Relativity Space is using 3D printing technology to revolutionize how rockets are built and flown. The company believes that we as a society need to be realistic in considering living in environments that aren’t Earth, but in order to do so we need to build rockets more quickly and cost effectively. Currently, the way rockets are built, making a small adjustment can take both a lot of time and money, but with 3D printing technology, a rocket can be made a half-inch larger with just a few clicks of a mouse.
3D printing allows Relativity Space to manufacture things in ways that weren’t possible before. “We print the hardware, we proof the hardware, we take it to pressures that we expect to see in life and then we inspect it afterward to make sure the welds aren’t cracking, to make sure the hardware’s still usable, and then we assemble it,” NASA Stennis Site Director, Clay Walker, tells In The Know. “They do the assembly in Long Beach [California] and they put the lines on the valves, the batteries, the computers, and then they ship it to us.”
Once assembled, the next step is to test. Performance testing is done at NASA’s Stennis Space Center, where they make sure that when the rocket goes into space for the very first time, it does exactly what they think it’s going to do. Should any adjustments need to be made, Relativity sends it back to their design team and improvements can be made relatively quickly.
Relativity’s first vehicle and first entirely 3D-printed rocket is the Terran 1, which successfully completed its mission duty cycle test for its integrated Stage 2, running the full test duration and marking the first time a 3D-printed stage has undergone acceptance testing. Mission duty cycle test essentially means that “you’re going to be running it at the same duration that it will actually experience in flight, so it’s kind of the final system checkout,” explains Relativity’s Senior Propulsion Test Engineer, Jordan Raice. If everything looks good, the rocket is one step closer to going to space.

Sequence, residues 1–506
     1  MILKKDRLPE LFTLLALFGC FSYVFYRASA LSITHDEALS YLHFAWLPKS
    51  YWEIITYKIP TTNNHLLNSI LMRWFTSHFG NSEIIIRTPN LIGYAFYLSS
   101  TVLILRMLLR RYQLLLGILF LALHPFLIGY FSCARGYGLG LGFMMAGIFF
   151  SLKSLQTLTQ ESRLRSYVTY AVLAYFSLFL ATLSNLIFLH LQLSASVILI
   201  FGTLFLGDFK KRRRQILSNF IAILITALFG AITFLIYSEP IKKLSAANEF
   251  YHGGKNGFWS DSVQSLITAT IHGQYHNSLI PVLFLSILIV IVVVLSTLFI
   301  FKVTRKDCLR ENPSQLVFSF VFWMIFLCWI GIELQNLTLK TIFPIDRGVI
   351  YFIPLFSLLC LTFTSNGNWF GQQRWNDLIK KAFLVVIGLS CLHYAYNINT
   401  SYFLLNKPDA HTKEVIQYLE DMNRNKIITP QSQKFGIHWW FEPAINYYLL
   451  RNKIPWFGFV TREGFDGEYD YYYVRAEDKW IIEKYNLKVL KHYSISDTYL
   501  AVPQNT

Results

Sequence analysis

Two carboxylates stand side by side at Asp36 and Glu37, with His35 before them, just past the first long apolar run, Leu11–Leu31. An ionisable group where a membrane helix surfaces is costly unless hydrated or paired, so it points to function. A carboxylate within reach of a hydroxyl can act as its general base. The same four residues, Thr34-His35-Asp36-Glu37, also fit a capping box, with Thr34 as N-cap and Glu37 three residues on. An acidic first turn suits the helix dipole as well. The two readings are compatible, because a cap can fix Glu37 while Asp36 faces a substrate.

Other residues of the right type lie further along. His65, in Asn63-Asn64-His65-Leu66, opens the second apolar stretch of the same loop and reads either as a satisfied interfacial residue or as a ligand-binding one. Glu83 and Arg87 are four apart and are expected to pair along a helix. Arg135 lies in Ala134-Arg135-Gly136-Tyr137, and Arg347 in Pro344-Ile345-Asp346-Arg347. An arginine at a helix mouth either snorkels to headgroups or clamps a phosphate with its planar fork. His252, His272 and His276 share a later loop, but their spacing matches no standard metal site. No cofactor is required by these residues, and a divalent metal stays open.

Terran 1 is Relativity’s proof of concept, but it’s really just the tip of the iceberg for aerospace 3D printing technology. “There [are] so many opportunities to refine it even more, to make even more complex structures, to manufacture things even more quickly, and then eventually to use this technology in other applications [like] being able to 3D print something in orbit or on another planet is a really big deal,” says Raice.
Relativity believes that 3D printing isn’t just the future of rockets, but the future of a lot of aspects of our lives. “I think companies like Relativity are paving the way for 3D printing manufacturing to become more ubiquitous in our societies,” shares Propulsion Test Engineer, Zoe Dickert. “3D printing is the future of all manufacturing, and this is a great place to really put that to the test. We’re not just another rocket startup. We’re a rocket startup focused on 3D printing manufacturing.”
“We don’t want to just be flying our rockets to Mars, we want to fly our printers to Mars on our rockets,” adds Walker.
At the end of the day, the sky’s the limit at Relativity, and the company only sees 3D printing accelerating society towards a better future. Raice concludes, “Having the technology to allow us to travel to far-off places, to build things on far-off places, to thrive and really live in these environments I think is super important and something that gets me really excited about what we’re doing here.”
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